Not everyone is comfortable trying for one rep maxes in the big lifts. Hell, sometimes I’m a bit nervous when I’m going to try and deadlift more weight than I ever have before. It’s serious business, or as serious as something like lifting weights can be. But for this of us who value the next PR highly, trying to max is also a lot of fun. When you hit it, it’s more fun, of course. But in the last couple of years I’ve been nearly as interested in upping my three or five rep maxes in the deadlift. The rationale is that, even when I’m able to avoid unnecessary tension, I still feel like I’m less likely to get hurt at a weight I can pull three times, versus a weight that I can only pull (maybe) once.
Enter the deadlift calculator. It’s a nice idea, but I find them flawed in the extreme and can’t recommend them as a reliable gauge. Here’s how it works: you plug your weight lifted and reps lifted into a deadlift calculator, and it tells you what your one rep max would/should be, depending on what your five rep max is. You can just think of it as a one rep max calculator for any lift–can you see how badly that could go, however?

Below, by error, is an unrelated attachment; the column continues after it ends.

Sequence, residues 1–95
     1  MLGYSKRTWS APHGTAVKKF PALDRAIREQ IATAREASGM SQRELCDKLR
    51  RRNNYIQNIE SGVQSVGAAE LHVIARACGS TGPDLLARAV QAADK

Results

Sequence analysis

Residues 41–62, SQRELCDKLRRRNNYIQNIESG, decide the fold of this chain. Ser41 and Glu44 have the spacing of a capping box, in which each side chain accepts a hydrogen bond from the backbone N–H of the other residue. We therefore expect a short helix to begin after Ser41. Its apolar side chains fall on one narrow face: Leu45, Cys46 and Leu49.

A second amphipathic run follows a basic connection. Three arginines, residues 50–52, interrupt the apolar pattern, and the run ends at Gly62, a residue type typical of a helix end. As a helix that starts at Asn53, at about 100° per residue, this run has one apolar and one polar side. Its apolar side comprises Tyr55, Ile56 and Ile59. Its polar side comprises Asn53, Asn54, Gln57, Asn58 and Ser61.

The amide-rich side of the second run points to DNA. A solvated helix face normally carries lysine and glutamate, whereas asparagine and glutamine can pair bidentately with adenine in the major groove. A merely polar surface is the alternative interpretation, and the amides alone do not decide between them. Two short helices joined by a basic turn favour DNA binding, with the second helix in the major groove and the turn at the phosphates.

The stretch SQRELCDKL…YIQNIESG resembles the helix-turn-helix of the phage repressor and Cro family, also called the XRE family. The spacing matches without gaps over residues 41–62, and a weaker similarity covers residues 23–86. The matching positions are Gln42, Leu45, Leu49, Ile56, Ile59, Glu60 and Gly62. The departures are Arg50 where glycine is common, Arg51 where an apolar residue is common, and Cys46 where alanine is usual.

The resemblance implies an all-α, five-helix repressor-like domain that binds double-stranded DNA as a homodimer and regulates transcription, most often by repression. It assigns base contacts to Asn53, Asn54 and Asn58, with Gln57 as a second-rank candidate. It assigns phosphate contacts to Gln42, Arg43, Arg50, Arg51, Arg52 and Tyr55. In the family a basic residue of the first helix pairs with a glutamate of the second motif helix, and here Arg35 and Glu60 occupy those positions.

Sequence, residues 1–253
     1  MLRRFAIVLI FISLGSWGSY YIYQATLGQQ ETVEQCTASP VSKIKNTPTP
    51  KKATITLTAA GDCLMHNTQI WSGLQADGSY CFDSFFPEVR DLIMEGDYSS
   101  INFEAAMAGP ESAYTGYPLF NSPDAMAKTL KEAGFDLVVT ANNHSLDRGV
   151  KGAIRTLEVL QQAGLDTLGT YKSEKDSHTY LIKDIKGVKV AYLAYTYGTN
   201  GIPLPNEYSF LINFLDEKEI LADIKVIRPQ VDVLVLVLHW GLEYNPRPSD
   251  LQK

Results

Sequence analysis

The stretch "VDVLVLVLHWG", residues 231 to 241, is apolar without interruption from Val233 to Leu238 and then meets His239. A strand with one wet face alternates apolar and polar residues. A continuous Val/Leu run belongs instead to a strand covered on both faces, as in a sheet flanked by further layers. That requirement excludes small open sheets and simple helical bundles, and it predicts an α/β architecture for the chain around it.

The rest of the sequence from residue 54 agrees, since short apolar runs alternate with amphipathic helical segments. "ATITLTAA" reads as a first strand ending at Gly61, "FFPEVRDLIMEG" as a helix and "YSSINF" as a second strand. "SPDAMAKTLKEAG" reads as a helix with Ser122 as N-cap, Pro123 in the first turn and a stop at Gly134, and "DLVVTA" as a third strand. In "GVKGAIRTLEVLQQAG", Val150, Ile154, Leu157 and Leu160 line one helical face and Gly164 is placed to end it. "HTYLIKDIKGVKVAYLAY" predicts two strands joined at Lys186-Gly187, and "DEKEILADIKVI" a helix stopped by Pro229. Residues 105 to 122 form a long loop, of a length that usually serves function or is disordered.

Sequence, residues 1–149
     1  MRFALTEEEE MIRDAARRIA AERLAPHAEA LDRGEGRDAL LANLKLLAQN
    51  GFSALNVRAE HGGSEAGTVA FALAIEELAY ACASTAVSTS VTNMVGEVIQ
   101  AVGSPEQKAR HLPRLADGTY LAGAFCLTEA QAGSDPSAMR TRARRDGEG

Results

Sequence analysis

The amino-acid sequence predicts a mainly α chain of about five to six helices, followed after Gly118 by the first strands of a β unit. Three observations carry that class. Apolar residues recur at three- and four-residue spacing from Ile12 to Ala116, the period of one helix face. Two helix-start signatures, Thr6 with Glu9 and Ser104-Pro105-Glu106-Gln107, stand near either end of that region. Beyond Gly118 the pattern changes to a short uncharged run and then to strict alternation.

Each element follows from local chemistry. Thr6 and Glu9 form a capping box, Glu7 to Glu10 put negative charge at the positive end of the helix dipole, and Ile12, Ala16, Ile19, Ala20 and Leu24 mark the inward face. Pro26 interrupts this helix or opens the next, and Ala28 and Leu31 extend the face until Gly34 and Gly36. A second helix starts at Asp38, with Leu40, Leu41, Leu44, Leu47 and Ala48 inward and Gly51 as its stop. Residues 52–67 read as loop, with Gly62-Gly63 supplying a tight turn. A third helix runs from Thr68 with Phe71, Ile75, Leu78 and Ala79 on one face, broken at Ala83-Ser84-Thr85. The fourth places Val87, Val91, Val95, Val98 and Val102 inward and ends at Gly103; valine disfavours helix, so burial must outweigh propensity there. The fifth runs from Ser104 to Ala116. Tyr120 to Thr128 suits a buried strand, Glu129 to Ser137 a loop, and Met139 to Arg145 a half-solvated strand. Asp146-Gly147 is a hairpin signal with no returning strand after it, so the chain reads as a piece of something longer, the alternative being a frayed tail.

So, when I follow that link up there, here’s what I’m going to type in:
Weight lifted = 315
Number of reps = 15
So according to the deadlift max calculator my max is apparently 516, except I can pull 540.
This is not the worst discrepancy I’ve seen, and I’ve played around with a lot of these calculators. At best I would use them as a gauge to start experimenting with poundage, and I do recommend working on your multi-rep maxes unless you’re a competitor who is required to demonstrate one rep maximum deadlifts. It’s just easier on my mind, and probably on my body.
If you plug your ten rep max in and it says your one rep max is 500, you do not, however, get to go around telling anyone you can deadlift 500 pounds until you’ve actually done it!
I doubt that Andy Bolton ever plays around with these things.